“President Donald Trump’s campaign sued The Washington Post for defamation, citing two opinion articles published in 2019 about the campaign allegedly benefiting from Russian assistance.”

CNBC, 3-3-20

Trump is estranged from the truth. That’s why his automatic reaction to anyone catching him in wrongdoing is so severe. His belief is that he can do no wrong, he’s “The Donald.” Even the COVID-19 virus was supposed to just go away by Easter, although he finally changed his mind after being told by experts that he could not bluff his way out of his statement.

Trump and I were raised very close to one another, with one big difference. I was in a prefab house in a hard hat, blue-collar area; he lived in a mansion. Trump was the spoiled, narcissistic, schoolyard bully that I saw so often and despised. 

Trump is still that schoolyard bully, acting as though he personally took out the terrorist Al-Baghdadi. No surprise there. He has a history of taking credit for things he hasn’t done, trying to portray himself as a “tough guy”. 

I recently received a letter from my good friend Donald J. Trump. It listed his quote “amazing accomplishments” (he’s not shy), including:

  1.  “Passing the historic tax reform package that immediately paid huge dividends for millions of hard-working families.”
  2. “Driving Down unemployment below 4% and creating more than six million new jobs.”
  3. “Nominating and confirming…judges.”
  4. “Replace(d) NAFTA with a new, better deal…”
  5. Beginning to rebuild our military that the Obama administration gutted and standing up for American interests around the world.”

Trump’s faults are obvious. He has denigrated the office of President, divided the nation into warring tribes, attempted to conspire with foreign nations to win elections, blocked witnesses from testifying before Congress, taken revenge on witnesses simply reporting his actions to superiors, threatened our allies, praised racists, interfered in the Department of Justice, pardoned political supporters, attacked the free press (see above), failed to act quickly on COVID-19, and so on.

But what about his self-proclaimed accomplishments? Are they accurate and significant? Let’s review each one:

  1. The New York Times surveyed Americans in 2019 and only 40% said they benefited from the tax cut. In fact, 65% did get a cut. However, the cuts were disproportional, with the highest income taxpayers getting much more. Per Forbes (7-23-19): “The richest 1 percent received 9.3 percent of the total tax cuts, the top 5 percent got 26.5 percent, the top quintile received 52.2 percent and the bottom quintile got 3.3 percent.” Furthermore, these cuts resulted in much greater deficits (debt) with the national debt going to over $1 trillion this year, about double what it was in Obama’s last year in office. Interestingly, Trump declared in 2016 that he would pay off the deficit.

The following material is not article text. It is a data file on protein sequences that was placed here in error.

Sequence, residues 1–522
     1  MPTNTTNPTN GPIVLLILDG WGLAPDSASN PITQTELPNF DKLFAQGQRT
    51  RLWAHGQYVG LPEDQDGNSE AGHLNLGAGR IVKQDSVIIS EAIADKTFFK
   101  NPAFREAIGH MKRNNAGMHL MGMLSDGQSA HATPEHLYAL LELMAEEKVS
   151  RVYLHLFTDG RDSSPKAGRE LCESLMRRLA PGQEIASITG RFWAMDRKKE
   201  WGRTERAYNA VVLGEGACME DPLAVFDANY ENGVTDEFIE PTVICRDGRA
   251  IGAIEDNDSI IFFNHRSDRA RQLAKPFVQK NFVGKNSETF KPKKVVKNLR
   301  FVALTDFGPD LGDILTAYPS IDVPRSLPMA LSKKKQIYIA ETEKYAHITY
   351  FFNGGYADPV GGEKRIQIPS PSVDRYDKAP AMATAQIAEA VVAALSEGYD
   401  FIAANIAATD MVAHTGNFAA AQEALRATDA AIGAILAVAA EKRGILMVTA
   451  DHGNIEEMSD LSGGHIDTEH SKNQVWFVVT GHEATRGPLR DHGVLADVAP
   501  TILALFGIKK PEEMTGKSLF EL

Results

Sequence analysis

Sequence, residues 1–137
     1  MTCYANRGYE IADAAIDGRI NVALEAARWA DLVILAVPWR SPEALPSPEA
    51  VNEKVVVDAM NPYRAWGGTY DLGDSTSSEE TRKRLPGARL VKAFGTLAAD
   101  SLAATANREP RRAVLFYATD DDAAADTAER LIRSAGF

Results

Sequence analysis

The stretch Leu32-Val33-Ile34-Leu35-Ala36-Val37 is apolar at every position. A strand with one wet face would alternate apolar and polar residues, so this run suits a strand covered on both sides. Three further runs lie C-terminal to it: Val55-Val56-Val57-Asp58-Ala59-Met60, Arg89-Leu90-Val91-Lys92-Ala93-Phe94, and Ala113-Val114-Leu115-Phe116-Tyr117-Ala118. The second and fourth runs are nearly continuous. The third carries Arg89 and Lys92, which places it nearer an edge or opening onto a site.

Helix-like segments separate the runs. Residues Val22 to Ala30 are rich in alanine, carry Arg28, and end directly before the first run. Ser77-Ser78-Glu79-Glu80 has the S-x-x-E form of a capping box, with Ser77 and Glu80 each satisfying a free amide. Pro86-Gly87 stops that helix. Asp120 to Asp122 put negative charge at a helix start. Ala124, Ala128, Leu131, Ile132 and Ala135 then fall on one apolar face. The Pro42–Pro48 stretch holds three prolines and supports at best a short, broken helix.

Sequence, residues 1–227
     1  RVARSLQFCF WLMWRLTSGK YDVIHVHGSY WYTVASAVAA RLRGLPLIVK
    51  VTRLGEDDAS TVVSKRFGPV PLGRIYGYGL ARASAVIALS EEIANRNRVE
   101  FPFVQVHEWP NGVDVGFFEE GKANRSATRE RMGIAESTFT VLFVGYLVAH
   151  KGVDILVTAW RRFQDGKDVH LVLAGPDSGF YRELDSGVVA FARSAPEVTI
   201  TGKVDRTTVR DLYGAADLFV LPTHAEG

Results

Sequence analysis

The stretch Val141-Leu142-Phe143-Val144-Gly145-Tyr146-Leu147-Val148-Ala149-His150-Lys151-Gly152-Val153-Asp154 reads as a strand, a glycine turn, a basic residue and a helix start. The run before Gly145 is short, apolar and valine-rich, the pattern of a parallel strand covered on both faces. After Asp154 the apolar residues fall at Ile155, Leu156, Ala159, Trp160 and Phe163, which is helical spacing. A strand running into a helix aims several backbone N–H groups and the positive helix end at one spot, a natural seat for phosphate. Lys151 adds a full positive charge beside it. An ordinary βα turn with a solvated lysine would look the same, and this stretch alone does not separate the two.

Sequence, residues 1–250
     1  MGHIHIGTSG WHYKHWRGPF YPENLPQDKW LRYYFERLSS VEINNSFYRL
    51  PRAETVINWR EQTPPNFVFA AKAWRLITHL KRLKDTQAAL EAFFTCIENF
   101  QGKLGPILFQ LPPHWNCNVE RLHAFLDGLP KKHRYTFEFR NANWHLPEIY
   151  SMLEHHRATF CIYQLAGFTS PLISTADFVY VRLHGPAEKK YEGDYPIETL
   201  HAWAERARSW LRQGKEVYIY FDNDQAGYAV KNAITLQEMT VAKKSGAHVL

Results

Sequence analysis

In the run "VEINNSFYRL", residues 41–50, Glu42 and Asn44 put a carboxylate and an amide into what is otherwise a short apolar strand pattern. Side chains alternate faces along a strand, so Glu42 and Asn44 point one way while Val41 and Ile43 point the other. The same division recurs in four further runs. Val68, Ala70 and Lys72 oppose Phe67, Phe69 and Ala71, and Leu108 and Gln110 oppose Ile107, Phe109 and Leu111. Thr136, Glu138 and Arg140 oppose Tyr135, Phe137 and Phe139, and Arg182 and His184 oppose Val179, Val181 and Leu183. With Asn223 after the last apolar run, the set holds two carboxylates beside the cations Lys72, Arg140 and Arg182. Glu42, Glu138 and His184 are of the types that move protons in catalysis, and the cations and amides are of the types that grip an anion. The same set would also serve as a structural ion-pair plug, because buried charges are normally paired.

2. Unemployment is down to 3.6%, but this is simply a continuation of a decade long trend started under Obama. Due to the Great Recession, unemployment hit 10% in 2009. It has been going down every year since, with unemployment already down to 5% when Trump took office. As for jobs, President Obama created 8.9 million jobs. Thus far, Trump created 4.7 million, roughly comparable (the Balance, 1-3-20). But that was before the coronavirus recession, killing the economy and the market.
  3. Trump and McConnell have pushed through a record number of judges, a number of them unqualified. They have disregarded Senate rules and traditions in not requiring 60% to approve lifetime appointments, something that will come back to haunt them when the Democrats take over the Senate.
  4. The US International Trade Commission has quantified benefits of the NAFTA replacement deal, USMCA. USITC found only minor benefits; it is very little different than the original deal. 
  5. The military was strong when Obama was in office and remains strong now, despite confusing policy signals from the White House. Military spending actually went up significantly during Obama’s first term (and down in his second). As for “standing up for American interests,” President Trump has been a dismal failure. Our allies view the President as a bad joke, as reflected in numerous surveys of their citizens. He has weakened NATO. His self-serving attempt to influence the Ukrainians by withholding military funding was a disaster. His negotiations with North Korea have simply given Kim an opportunity to further develop his nuclear program. By dropping the Iranian nuclear treaty, the Administration has guaranteed a Middle Eastern nuclear arms race. And, the Philippines are moving much closer to China.

In summary, voters will have to choose between the two main Presidential candidates in November. No, Biden isn’t a real progressive. But the only other candidate with any hope of being elected is Trump. 

So, here’s the question. Do Trump’s questionable accomplishments outweigh his considerable baggage, like his mishandling of the pandemic crisis, much of which I did not detail here? No, they clearly do not. Therefore, my vote goes to Biden. I hope other progressives will bite their lip and do the same.


Image credit: the feature caricature of Donald John Trump was created by DonkeyHotey (Flickr/Creative Commons).

Jack Bernard

Jack Bernard

Jack A Bernard is a retired SVP with a national healthcare corporation. He was Chair of the Jasper County, Ga Board of Commissioners and Republican Party. He was also on the Board of Health for Jasper County and is currently on the Fayette County BOH. Bernard has over 100 columns published annually, primarily in the South.